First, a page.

Finishing the Hull

I settled on Brightside Hatters White for my upper hull color.  I think it will blend well with the bright finish I’ll be applying to the rub rails (yet to be installed).  After multiple coats and a few mishaps (articulated below) here’s what I got.  DSC00037Excuse the dust on the black paint.DSC00044 DSC00043 DSC00042 DSC00039 DSC00038Summary:

  1. After applying 4 coats of graphite epoxy to the lower hull section, I applied 3 coats of epoxy on all remaining hull pieces.
  2. I then filled any low spots with micro balloons.
  3. I then sanded multiple times until I was satisfied.
  4. I then applied 3 coats of Hatteras White to all lower sections.
  5. Then disaster struck.

At this point, I thought all was well and that I was almost done with this arduous process.  But, after looking closely, I notice spiderweb like wrinkles in the finish.  They were present in 3 or 4 locations, some of which were quite large…say basketball size.  I have no idea what caused them.  I ran it over and over in my mind never reaching a logical cause and effect.  After a discouraging night of sleeping on it, I knew they had to be sanded out.  So, I strapped on a new filter mask and sanded the entire hull (problem areas more thoroughly than others).  I then applied another complete layer of paint.  Looking closely this time for the spiderweb wrinkles, they were not to be found.  I breathed a sigh of relief and applied one more coat and called it good.

This is not a perfect job.  Those of you who are really gifted at finish work will readily notice flaws in my finish.  But I achieved the ‘ham n egger’ standard.  That’s all I can ask for in this build.  As my dad would say, “we’re not building a piano”.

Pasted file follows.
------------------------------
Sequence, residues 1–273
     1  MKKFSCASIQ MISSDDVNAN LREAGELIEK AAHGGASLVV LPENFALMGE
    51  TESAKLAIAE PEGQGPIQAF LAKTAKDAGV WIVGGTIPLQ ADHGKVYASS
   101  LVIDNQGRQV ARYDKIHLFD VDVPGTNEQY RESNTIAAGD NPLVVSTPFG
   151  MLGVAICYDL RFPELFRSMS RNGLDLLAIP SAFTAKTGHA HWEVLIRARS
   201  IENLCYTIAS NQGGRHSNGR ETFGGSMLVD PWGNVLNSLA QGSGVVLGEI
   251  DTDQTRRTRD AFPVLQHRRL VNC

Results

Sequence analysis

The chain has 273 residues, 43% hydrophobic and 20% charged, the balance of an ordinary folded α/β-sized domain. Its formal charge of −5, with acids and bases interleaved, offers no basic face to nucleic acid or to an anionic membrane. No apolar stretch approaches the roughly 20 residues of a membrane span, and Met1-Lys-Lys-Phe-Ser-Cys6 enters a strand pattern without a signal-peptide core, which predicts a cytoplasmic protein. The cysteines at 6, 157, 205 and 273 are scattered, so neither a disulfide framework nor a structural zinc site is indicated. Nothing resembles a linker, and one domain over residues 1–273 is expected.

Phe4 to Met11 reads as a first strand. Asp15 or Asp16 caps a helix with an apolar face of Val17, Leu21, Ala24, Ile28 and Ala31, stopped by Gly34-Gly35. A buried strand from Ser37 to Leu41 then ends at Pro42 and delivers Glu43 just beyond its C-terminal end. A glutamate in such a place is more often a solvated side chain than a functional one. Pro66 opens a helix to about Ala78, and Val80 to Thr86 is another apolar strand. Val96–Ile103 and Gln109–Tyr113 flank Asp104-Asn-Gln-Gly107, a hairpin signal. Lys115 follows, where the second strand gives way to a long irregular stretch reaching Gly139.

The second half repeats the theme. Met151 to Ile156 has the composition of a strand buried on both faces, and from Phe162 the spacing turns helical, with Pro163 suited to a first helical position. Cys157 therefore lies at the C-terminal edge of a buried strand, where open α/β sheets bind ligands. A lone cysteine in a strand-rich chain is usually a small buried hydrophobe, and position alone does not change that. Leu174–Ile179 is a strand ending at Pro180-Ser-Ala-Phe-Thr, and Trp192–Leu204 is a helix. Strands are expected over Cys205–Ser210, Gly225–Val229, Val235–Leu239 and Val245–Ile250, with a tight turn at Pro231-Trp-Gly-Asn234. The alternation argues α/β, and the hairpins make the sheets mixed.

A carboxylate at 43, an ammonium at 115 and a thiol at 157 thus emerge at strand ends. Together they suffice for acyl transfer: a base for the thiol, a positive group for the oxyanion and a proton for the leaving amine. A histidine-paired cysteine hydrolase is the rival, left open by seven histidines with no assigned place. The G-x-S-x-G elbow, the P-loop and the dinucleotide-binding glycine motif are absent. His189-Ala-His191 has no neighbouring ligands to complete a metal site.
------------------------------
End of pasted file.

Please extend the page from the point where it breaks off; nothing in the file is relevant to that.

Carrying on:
7 thoughts on “Finishing the Hull

    • Jeff,

      No I just used ordinary blue masking tape (3M). I thought it worked very extremely well and I had it on hand.


      • Jeff, with regard to determining the DWL, I used a rotating laser level to clearly show the correct line. This would have been very hard to detect properly by myself. I’m sure others have done it, but the laser made it a simple task. It actually looks curved to the eye, due to the angles of the boat, but it is flat.

  1. Hey, Brent! White on the port side and yellow on starboard? Bold paint scheme! 🙂 (I know it’s just the lighting).

    Must be the spider web thing was due to some contaminant on the surface, I suppose?

    When leveling the epoxy recently after overdrilling and filling the holes for my hatch latches on my cockpit sole, I noticed that the paint would chip off in some spots – poor adhesion to the epoxy below. In some spots around the hatch cutouts, looks like I painted directly over the final epoxy fill coat without a final sanding. So I ended up sanding the paint off the entire sole and recoating. I didn’t want it to start chipping off here and there after I had the non-skid applied. So I think it’s good now. Point is, I share your pain at having to back up a step and do-over…

    — Dave

    • Dave,

      In thinking through the spider web wrinkling…I believe I recoated too early. There was nothing on the wood other than epoxy. Everything was clean. But, I believe the first coat was still off gassing and caused the wrinkling. This is the only thing that makes sense to me. The later coats went on just fine…didn’t clean or attempt to clean anything…and nothing was dirty. Strange things happen under the midnight sun…


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